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Shedding Light on Nanocrystal Defects Print

Nanocrystals have been the focus of much scientific interest lately, given their various advantageous mechanical properties. Their resistance to stress has had researchers proposing nanocrystals as a promising new protective coating for advanced gas turbine and jet engines. But recent studies conducted at the ALS show that the tiny size of nanocrystals does not safeguard them from defects.

Engineering Nanocrystal Materials

Most nanocrystal materials are made up of small crystals, called “grains,” and what happens at the boundaries between these grains is critical to material properties. Based on computer simulations and electron microscopy analysis, the belief has been that dislocation-mediated plastic deformation becomes inactive below a grain size of at least 10 nanometers, and possibly as large as 30 nanometers.

Nickel particles of three different sizes were studied up to 38.6 gigapascals. Samples suffered permanent change in shape or size. This change is a function of both pressure and particle size, and particle size can be smaller than computer modeling had anticipated.

How these changes in shape affect nanocrystal performance is the next step in the research process. Although the pressures on the materials in real applications are usually lower than the pressures in this study, the shear stress (mainly responsible for the generation of defects) in materials such as protective coatings for turbines or engines can be comparable to the shear stress scale in this study. Enhanced dislocation activities can make materials stronger, but the resultant plastic anisotropy due to texturing may not be favorable in some applications. So engineering the mechanical properties of nanomaterials with particle sizes and external stress load is very significant.  The findings from this research could aid in the creation of stronger, more durable materials.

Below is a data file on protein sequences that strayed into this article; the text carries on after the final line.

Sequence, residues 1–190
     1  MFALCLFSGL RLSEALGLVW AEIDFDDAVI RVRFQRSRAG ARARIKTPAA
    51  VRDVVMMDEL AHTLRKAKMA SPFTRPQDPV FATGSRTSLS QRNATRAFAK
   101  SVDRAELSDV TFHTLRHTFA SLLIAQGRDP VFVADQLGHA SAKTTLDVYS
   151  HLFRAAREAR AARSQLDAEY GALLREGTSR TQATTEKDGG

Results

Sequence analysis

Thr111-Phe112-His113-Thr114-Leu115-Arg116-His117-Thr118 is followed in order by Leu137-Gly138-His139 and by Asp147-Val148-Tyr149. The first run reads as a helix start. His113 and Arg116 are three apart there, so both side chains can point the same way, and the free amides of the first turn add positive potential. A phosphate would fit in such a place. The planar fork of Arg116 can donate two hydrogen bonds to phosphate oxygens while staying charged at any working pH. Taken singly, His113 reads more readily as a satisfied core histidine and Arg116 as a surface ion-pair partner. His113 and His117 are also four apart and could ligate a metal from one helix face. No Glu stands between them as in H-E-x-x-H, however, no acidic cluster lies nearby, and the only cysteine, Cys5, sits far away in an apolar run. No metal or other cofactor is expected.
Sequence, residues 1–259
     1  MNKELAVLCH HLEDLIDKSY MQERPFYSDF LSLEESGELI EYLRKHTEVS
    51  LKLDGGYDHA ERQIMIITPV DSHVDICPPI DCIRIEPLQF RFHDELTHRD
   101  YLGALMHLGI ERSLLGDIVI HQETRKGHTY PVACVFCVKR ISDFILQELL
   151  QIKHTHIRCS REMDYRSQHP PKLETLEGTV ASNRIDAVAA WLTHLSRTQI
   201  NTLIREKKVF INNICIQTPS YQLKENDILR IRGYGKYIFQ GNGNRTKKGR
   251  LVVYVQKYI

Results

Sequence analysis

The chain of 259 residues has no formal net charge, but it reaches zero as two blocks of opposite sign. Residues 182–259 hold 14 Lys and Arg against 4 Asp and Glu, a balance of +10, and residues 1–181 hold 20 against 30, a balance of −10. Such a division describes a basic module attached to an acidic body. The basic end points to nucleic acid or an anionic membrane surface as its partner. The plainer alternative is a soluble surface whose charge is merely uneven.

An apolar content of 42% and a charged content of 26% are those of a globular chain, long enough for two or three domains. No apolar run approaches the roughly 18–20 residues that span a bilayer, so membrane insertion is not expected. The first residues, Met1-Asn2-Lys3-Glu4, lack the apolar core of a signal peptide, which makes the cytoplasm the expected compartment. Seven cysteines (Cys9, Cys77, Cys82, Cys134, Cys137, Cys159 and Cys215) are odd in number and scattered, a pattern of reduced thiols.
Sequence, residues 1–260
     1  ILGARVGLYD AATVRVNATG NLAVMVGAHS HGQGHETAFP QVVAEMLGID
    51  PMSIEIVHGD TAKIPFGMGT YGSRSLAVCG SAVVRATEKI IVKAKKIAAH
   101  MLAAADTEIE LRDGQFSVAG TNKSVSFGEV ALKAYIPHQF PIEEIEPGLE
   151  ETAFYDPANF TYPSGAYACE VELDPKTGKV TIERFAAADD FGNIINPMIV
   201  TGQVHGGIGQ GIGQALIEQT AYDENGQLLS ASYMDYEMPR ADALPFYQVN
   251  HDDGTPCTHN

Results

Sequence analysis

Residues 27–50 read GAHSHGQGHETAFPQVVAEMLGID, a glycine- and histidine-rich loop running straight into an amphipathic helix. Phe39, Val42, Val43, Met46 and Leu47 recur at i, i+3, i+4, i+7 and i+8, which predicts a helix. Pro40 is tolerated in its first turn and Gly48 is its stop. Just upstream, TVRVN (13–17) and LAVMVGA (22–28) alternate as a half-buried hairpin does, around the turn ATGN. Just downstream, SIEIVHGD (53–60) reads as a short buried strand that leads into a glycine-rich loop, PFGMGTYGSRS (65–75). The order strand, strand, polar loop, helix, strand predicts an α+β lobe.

A group of researchers, led by materials scientist Bin Chen, studied nanocrystals of nickel subjected to high pressure and found that dislocations—defects or irregularities—can form in the finest of nanocrystals when stress is applied. The nickel nanocrystals suffered dislocation-mediated plastic deformation even when the crystals were only three nanometers in size. The likelihood of plastic deformation, a permanent change in the shape or size of a material as the result of an applied stress, increases with the presence of dislocations within the material’s structure. A dislocation strongly influences many of the properties of materials, but previous research based on computer simulations has led researchers to believe that dislocations were not an issue for nanocrystals below a certain size. The results from these ALS experiments demonstrate that dislocation-mediated deformation persists to smaller crystal sizes than anticipated and that computer models used to predict nanocrystal behavior thus far have not given enough consideration to the effects of external stress and grain boundaries.

Stress-induced deformation of nanocrystalline nickel reflects the dislocation activity
observed by researchers using a radial diamond-anvil-cell x-ray diffraction
experimental station. (Image courtesy of NDT Education Resource Center)